Some Latin American countries’ abortion laws do provide exceptions in certain circumstances. Yamin notes that in Brazil “there is an exception for the life or health of the mother… or in cases of congenital malformation. And that health exception needs to be interpreted in terms of psychological health as well, which has been a big barrier in Latin America.” This psychological burden falls mostly on poor women. In some countries, poor women are too often forced to go to health facilities where according to Yamin, “they’re expected to beg for services, where they’re made to wait in long lines, where they may be asked to pay under the table for this or that…  they’re not really treated like they’re citizens entitled to services… they’re treated as though they are beggars.”

Looking to the Future: Potential Solutions and Shortcomings

There clearly exist many cultural, social, and psychological factors in countries like Brazil that complicate the task of targeting Zika and its disproportionate effects on women, especially poor women. While international pressure on Brazil’s and other countries’ governments to loosen their abortion laws may be effective, the deep-seeded religiosity of Latin American governments may render this route insufficient. Other strategies could help address the underlying social and political factors contributing to repressive sexual health laws that Zika highlights. Sexual and reproductive education and more gendered research could present potential strategies. These efforts would address the underlying factors by shifting the focus to women’s reproductive and sexual rights, but efforts to date have fallen short.

Sexual education in Brazil, for example, lacks the kind of focus on sexual and reproductive rights that would inform and empower women to advocate for their health and safety. A 2014 study on sex education in Brazilian schools collected interviews among teachers. It demonstrated that there are multiple barriers to sexual and reproductive rights becoming part of this sex education. These barriers include the clash with teachers’ staunchly-held religious beliefs, teachers’ desire for sex education to be more free-flowing and untargeted rather than planned curriculum, and teachers’ lack of adequate training on sex education. Additionally, the study showed that Brazilian sex education is mostly framed in “biomedical discourse” rather than cultural discourse, limiting the possibility of including sexual and reproductive rights. For example, the sex education curriculum seeks to teach students to avoid pregnancy, but it does so only through discussing the biological process of pregnancy. It does not thoroughly address the cultural issues of gender violence, relationships, abortion, rights, or many other important aspects of pregnancy. In 1994, a decision was made at the International Conference on Population and Development in Cairo to provide comprehensive sex education in Latin American and Caribbean schools. However, the execution was variable across Latin America and the Caribbean. Though sex education has come further in Brazil than in countries like El Salvador or Chile where the education still centers on the importance of abstinence and birth control methods, even the education in Brazil lacks a focus on women’s reproductive rights. Sex education in Brazil, too, mostly occurs in the main cities, not in the impoverished areas where it is needed most.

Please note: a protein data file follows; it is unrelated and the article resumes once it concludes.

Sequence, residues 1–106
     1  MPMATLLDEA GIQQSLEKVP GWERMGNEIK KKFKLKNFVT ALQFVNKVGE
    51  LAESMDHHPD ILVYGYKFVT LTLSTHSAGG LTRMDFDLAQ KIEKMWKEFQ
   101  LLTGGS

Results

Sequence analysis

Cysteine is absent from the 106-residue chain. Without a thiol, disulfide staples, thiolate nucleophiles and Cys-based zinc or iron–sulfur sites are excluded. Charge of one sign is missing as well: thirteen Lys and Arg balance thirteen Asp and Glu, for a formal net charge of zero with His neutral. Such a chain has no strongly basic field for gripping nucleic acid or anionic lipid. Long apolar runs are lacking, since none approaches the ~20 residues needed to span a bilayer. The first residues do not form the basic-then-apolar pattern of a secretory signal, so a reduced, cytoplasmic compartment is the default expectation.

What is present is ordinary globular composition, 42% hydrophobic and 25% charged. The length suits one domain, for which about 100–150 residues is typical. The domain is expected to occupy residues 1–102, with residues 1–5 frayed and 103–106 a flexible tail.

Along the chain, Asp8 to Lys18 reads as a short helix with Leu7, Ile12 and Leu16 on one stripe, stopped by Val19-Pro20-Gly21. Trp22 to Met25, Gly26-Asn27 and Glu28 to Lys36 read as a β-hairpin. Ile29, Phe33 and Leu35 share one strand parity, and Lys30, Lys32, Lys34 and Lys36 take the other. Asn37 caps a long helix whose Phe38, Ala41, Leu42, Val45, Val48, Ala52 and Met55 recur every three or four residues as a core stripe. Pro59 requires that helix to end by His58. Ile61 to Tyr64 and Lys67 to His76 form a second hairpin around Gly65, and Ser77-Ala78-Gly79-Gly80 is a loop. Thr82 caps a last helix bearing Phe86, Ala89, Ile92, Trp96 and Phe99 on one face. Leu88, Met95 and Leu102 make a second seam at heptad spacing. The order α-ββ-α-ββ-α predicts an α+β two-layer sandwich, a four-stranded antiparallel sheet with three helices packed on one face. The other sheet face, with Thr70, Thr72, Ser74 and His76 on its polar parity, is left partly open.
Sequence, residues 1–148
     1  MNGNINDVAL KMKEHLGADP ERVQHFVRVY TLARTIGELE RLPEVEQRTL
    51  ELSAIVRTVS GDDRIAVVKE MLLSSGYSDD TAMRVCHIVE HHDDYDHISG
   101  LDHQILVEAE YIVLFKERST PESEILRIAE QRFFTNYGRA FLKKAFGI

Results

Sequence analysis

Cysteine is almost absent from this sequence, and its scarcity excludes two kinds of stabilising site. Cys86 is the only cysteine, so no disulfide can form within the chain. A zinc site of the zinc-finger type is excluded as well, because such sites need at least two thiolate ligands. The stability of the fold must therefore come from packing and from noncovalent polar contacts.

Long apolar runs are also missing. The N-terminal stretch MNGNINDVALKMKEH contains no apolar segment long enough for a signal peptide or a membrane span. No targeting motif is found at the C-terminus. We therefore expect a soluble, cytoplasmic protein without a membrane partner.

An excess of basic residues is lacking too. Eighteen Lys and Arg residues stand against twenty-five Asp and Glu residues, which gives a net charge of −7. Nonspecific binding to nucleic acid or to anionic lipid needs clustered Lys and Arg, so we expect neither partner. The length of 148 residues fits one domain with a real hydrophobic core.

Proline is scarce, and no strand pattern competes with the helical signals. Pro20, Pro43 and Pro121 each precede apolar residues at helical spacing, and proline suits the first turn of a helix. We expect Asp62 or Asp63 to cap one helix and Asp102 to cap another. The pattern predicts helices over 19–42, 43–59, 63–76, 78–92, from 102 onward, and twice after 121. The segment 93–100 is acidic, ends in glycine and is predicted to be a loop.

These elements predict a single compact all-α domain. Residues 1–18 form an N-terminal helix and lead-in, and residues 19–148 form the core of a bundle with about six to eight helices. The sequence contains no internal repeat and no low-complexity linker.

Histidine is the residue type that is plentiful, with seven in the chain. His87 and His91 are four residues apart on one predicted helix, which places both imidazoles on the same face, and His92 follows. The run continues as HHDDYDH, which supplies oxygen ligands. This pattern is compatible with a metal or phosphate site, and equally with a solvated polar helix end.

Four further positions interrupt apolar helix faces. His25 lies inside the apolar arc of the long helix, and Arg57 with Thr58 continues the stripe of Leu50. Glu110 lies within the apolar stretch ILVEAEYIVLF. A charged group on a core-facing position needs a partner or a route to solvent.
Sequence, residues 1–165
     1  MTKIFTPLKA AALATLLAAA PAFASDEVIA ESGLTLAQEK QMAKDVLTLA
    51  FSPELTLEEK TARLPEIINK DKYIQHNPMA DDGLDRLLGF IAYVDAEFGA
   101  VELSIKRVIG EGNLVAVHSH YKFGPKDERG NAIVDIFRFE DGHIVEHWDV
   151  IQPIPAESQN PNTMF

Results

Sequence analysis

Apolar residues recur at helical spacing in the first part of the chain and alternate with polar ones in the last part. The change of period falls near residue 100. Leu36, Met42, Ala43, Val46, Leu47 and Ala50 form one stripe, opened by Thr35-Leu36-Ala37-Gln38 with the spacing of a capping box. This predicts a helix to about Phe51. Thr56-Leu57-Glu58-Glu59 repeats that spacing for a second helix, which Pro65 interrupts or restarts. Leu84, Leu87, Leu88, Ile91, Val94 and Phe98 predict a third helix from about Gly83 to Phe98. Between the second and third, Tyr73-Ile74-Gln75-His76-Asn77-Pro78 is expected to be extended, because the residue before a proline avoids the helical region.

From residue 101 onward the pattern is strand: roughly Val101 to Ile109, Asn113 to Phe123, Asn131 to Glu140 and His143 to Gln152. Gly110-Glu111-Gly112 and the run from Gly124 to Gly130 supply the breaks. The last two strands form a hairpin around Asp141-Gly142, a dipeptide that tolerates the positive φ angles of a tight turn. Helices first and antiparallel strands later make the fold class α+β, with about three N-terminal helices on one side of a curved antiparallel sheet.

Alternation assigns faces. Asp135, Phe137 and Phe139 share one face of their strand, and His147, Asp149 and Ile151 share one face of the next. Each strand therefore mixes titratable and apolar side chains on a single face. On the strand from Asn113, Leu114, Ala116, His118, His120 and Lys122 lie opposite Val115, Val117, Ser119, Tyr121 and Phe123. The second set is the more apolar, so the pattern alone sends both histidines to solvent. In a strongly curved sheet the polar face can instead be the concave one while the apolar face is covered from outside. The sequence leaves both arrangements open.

A 2016 study on gender, human rights, and global health outbreaks suggests that outbreaks like Zika require more gendered research. The Zika and Ebola outbreaks demonstrate how women are disproportionately affected by these diseases and their consequences, as compared with men. In responding to public health emergencies like Zika, efforts must account for the pervasive gender inequality that leads to women being unable to obtain sexual and reproductive rights. They must also account for the socioeconomic inequality that makes women unable to exercise those rights. Zika has not only underscored the importance of preventing microcephaly by loosening abortion laws, but also the importance of treating women’s rights and equality as integral to the issue. Women in Latin America need to see change that shifts the focus on combatting Zika to the importance of fighting for their reproductive rights.